Heat exhaustion in pets

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Dogs and cats must rely on panting to lower their body temperature during physical activity or hot weather. You should not rely on the dog to realize he needs to take a break from playing because the excitement of being out and about may cause them to ignore the need to take it easy. High humidity levels cause panting to be less effective and increase the risk of heat exhaustion and heat stroke. The difference between these two conditions is the severity.

The symptoms of heat exhaustion include extremely heavy panting, weakness, disorientation, and possibly vomiting. Dogs experiencing heat exhaustion are usually panting so heavily that they will not stop even for a second to swallow.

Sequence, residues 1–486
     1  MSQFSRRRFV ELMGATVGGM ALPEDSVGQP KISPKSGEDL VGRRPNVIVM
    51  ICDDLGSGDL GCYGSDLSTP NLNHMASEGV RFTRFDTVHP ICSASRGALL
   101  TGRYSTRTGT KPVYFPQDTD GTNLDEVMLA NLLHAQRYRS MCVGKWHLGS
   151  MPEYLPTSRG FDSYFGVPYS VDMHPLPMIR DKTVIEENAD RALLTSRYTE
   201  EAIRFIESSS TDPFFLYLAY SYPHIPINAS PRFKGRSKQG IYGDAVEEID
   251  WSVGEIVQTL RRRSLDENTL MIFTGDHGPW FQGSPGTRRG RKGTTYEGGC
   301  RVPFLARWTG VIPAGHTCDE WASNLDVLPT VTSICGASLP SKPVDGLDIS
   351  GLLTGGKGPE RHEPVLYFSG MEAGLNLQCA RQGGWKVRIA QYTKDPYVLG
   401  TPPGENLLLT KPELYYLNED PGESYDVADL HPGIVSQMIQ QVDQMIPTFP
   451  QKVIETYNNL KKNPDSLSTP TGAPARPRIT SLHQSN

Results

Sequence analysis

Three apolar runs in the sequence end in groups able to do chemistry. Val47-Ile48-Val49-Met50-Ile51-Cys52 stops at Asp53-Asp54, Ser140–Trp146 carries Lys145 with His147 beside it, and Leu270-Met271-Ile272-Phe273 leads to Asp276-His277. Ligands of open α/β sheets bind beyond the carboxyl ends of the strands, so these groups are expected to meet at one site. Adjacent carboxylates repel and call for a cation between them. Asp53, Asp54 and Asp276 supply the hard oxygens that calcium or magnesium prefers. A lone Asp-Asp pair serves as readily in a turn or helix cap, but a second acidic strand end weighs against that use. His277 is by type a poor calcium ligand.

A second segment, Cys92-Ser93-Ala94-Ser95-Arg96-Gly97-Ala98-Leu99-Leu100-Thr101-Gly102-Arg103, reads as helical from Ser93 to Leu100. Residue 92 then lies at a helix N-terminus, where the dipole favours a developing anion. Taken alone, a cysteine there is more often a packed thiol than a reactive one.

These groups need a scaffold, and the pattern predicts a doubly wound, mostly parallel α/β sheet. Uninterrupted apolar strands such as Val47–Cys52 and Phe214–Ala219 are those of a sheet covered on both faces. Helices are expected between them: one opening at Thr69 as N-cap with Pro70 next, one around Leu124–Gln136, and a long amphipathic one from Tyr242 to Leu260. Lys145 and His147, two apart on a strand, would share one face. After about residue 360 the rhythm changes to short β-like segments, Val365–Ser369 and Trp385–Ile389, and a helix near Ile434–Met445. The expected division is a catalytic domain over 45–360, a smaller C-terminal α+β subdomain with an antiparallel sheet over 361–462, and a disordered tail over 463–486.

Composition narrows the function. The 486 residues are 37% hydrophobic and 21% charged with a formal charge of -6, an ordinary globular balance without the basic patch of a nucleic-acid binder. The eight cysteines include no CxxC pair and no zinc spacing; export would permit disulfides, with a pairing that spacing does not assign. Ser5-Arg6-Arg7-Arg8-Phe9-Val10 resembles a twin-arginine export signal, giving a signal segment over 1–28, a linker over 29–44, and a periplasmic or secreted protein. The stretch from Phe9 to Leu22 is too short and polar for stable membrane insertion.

A warning sign that a dog with heat exhaustion is progressing to heat stroke is diarrhea. Diarrhea may be followed by seizures or loss of consciousness (coma). Animals with these severe signs often do not survive. Any animal suspected to have symptoms of heat exhaustion or heat stroke should be seen by a veterinarian immediately.

If your dog is showing early signs of heat exhaustion, immediately stop any activity and move them to an air conditioned environment if possible, or at least to a shaded area. Offer cool water, and if available, ice packs can be placed on thin-haired areas like the abdomen and armpits. If your pet is disoriented or showing any symptoms beyond panting that resolves within a few minutes, she should be seen by a veterinarian immediately, as some heat-related complications may take several hours to develop.

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